K did not remember how the rest of the afternoon passed, simply that it was a blur, liked a heated day of summer. The next thing he knew was that he and has family were on the rooftop of a car park, walking towards the elevators in order to reach the movie theater for dinner and a film. It was then that he experienced those first irresistible pangs, the ones people get when seeing a ‘do not touch’ sign or when standing over a cliff’s edge. As he walked by his mother’s side, never had he had more of an urge to speak, to confess his heinous crime and to attest to the world of his wicked misdeed! With every step his heart pounded and ached. With every sentence that passed in conversation with his mother, he would feel the sweat build up in his hands. His lips trembled. His mouth motioning to form ‘Today I…’ The final barrier and only solace was the strength of his stubborn 7 year old will. As they waited for the elevator he would fight to suppress it, swallowing and distracting himself with the very same candy that he stole. And offering it to the parents and sister he would be complimented for his generosity to her today. How cunning. And how wretched he was. The elevator still did not come. It seemed to like the 1st floor too much. The warm orange 1 shone above the elevator for what felt like an eternity. Would it ever come? Would it get here in time before K’s soul could hold back no longer or would he be able to crawl into the comfort of his favorite theater in time, suppressing all thought for the time being? The elevator light hit 2 and K could finally take it no longer. ‘I did it!!!’ I did it. I did it. It was me.’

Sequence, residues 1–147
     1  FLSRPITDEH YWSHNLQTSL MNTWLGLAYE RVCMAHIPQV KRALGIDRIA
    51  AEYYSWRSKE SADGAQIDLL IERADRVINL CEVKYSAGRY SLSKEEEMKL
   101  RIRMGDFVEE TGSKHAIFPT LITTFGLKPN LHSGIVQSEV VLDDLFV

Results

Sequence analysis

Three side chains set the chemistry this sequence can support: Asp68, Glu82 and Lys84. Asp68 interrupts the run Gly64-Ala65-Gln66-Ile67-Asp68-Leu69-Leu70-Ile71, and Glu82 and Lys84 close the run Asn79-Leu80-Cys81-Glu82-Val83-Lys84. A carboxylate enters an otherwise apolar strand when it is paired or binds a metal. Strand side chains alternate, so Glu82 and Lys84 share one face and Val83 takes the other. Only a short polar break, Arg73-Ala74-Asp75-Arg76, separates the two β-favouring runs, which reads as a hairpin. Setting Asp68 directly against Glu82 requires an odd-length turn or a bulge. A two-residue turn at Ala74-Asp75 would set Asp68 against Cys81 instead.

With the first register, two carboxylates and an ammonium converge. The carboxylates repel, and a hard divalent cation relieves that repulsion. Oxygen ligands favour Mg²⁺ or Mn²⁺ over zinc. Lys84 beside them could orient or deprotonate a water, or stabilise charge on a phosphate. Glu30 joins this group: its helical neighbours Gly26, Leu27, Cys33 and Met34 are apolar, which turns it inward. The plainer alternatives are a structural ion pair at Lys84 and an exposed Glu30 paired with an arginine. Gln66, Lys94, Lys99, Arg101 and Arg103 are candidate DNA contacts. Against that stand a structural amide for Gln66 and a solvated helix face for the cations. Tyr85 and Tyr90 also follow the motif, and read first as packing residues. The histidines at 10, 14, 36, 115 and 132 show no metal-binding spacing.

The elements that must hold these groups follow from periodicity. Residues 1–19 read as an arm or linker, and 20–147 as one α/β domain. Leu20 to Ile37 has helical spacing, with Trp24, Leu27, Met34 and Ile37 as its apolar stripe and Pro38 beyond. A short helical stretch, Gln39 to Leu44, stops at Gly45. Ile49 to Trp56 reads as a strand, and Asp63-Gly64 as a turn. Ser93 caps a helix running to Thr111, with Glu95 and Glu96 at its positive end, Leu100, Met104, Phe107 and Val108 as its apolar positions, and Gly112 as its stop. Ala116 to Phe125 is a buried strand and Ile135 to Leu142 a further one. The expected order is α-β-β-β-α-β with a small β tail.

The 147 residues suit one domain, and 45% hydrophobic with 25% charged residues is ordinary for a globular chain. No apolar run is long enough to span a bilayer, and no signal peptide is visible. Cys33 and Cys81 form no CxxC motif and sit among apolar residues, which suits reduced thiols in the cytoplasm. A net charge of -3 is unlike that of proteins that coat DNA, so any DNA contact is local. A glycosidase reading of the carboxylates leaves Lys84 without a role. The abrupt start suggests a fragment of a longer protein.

K’s mother did not think much of that fateful night. Nor had she remembered it now in her mid age. But K had not forgotten it even after 20 years. The memory of that night stood out clear to him as though viewed from a film camera. He could recall it at a moment’s notice if he chose to. In every other family member’s memory it had long since receded into the category of vague impressions like food one has tasted before or a trip they had once taken overseas. There was no reason to have remembered that night. There had been no consequences, rather he had even been commended for his honesty. He was not sure which one was worse, the guilt of his memory that could not fade or the praise of his parents for precisely what he knew was wrong. Of course they had simply dismissed it as a childish thing that he would grow out of soon. And so he did. In his mind however he could never quite get the stare of the security guard out of it.